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WKS
Wetterkurzschlüssel - this page is a stub - wanted item

Wetterkurzschlüssel (Short Weather Cipher), commonly abbreviated to WKS, was a code­book that was used as part of the cipher prodecure of the German Enigma cipher machine. It was used to compress a weather report – temperature, clouds, wind direction, etc. – into a series of letters. Shortening messages was common practice during WWII, as it shortened the duration of a radio transmission and, hence, reduced the risk of discovery by means of radio direction finding (RDF).

The WetterKurzschlüssel (WKS) was the second part (Teil 2) of the Geheimer Wetter- und See­schlüssel der Kriegsmarine (Secret Weather and Sea Cipher of the German Navy). It was printed as a booklet in DIN A5 format, and had a hard red cover, part of which is shown on the right.

Inside the booklet are 22 pages that describe how weather reports should be compressed, using three types of observations: Obskurz­schlüssel (for surface measurements), Temp­kurz­schlüssel (for radiosonde measurements) and Piloten­kurz­schlüssel (for wind directions).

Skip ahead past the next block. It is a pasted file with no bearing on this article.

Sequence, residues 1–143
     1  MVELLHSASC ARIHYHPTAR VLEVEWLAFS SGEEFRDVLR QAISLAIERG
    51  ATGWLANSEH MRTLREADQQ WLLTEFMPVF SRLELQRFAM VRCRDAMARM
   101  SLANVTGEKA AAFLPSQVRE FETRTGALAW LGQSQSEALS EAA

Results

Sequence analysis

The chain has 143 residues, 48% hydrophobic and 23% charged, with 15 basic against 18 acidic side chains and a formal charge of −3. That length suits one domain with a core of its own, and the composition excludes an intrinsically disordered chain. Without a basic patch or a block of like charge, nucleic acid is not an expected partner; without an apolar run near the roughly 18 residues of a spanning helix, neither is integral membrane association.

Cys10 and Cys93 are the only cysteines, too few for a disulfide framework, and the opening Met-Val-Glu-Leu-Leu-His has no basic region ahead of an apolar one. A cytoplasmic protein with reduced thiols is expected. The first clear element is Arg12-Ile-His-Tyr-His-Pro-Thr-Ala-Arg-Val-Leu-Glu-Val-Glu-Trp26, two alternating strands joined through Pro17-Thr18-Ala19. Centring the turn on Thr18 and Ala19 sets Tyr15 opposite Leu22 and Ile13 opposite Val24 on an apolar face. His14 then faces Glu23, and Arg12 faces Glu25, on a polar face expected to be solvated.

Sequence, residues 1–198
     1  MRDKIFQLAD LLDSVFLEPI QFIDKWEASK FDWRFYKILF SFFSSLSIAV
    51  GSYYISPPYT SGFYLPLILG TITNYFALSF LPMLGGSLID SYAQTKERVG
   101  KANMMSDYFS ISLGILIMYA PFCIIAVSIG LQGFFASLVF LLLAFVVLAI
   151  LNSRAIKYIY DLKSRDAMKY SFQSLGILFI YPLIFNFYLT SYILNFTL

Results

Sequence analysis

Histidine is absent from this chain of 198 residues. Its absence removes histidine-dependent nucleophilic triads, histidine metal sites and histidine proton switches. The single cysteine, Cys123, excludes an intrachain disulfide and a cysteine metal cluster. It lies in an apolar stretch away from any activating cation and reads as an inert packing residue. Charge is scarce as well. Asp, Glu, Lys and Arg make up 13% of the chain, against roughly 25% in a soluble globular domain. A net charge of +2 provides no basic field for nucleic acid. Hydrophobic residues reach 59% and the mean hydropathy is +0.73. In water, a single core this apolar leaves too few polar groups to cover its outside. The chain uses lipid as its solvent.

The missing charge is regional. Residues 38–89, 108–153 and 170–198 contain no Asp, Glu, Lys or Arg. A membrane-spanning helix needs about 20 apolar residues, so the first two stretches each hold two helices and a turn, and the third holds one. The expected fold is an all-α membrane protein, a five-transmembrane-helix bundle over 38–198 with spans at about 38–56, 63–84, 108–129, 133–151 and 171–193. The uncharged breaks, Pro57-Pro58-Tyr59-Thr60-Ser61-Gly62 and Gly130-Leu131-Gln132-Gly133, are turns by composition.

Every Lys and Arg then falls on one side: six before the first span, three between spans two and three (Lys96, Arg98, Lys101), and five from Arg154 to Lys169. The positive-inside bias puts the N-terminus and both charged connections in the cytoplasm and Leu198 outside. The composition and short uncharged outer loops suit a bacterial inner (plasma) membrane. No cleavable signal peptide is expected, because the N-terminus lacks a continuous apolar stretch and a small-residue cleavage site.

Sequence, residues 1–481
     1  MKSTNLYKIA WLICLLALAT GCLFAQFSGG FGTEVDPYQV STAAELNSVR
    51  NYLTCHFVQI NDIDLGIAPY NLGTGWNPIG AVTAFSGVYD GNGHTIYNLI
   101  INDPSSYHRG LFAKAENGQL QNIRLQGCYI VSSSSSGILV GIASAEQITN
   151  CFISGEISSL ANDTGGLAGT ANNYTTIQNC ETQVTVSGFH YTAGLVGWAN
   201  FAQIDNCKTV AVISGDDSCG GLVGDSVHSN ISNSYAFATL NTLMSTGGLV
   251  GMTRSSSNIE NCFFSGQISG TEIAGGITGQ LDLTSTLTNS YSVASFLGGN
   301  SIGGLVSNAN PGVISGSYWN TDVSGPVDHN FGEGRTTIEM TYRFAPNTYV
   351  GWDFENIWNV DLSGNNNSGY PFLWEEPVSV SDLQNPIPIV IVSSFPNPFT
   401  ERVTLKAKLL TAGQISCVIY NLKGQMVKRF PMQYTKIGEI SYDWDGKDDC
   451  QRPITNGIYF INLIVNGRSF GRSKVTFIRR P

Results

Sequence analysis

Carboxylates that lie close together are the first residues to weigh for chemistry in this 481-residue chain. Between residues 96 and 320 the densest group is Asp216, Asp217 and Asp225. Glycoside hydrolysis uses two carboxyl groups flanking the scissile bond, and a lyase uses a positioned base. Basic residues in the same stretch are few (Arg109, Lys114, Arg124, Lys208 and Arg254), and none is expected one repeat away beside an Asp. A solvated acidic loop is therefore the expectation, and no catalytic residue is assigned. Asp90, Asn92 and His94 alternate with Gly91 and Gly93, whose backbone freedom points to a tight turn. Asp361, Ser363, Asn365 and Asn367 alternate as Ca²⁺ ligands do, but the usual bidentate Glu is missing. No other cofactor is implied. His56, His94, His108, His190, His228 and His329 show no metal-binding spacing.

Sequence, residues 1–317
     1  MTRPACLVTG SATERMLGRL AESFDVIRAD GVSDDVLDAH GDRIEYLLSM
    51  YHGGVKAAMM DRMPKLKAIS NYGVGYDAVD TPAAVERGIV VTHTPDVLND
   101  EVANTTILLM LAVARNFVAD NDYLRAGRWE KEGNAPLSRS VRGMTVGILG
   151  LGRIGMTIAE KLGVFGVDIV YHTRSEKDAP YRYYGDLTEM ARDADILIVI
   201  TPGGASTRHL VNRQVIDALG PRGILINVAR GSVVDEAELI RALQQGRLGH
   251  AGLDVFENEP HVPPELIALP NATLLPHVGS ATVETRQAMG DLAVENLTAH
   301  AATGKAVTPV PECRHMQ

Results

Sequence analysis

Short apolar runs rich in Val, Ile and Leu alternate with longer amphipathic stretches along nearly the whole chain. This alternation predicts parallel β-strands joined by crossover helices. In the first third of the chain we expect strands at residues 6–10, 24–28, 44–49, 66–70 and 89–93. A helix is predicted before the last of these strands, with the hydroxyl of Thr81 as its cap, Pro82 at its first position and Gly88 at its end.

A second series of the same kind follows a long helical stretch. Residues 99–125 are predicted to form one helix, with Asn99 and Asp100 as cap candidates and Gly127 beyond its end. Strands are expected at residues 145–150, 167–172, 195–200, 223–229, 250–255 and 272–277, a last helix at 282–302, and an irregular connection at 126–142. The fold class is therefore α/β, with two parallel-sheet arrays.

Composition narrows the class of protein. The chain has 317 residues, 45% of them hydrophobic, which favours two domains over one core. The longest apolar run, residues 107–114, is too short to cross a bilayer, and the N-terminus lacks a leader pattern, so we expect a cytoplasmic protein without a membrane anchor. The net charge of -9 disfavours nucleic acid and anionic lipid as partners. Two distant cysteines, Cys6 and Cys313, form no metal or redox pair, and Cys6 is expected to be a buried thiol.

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Genuine copies of the WKS are extremely rare, as only a handful has survived. The scanned copy of the WKS that is available for download below [A] was rescued in 2017 from the (now defunct) website WWII Archives Foundation. The contents have since been transcribed by Felix Shih [B].


Documentation
  1. Wetterkurzschlüssel (WKS)
    Geheimer Wetter- und Seeschlüssel der Kriegsmarine, Teil 2.
    M. Dv. Nr. 443. Oberkommando der Kriegsmarine, Berlin 1942.

  2. Wetterkurzschlüssel (transcribed)
    OCR-ed and transcribed by Felix Shih.
    Retrieved August 2017.
References
  1. Dirk Rijmenants, Kurzsignale on German U-boats
    Retrieved August 2020.

  2. Wikipedia, Short Weather Cipher
    Retrieved Augus 2020.

  3. Dirk Rijmenants, Enigma Message Procedures
    Acurate descriptions of the Wehrmacht and Kriegsmarine Enigma procedures.
Further information
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Crypto Museum. Created: Tuesday 11 August 2020. Last changed: Tuesday, 11 August 2020 - 21:06 CET.
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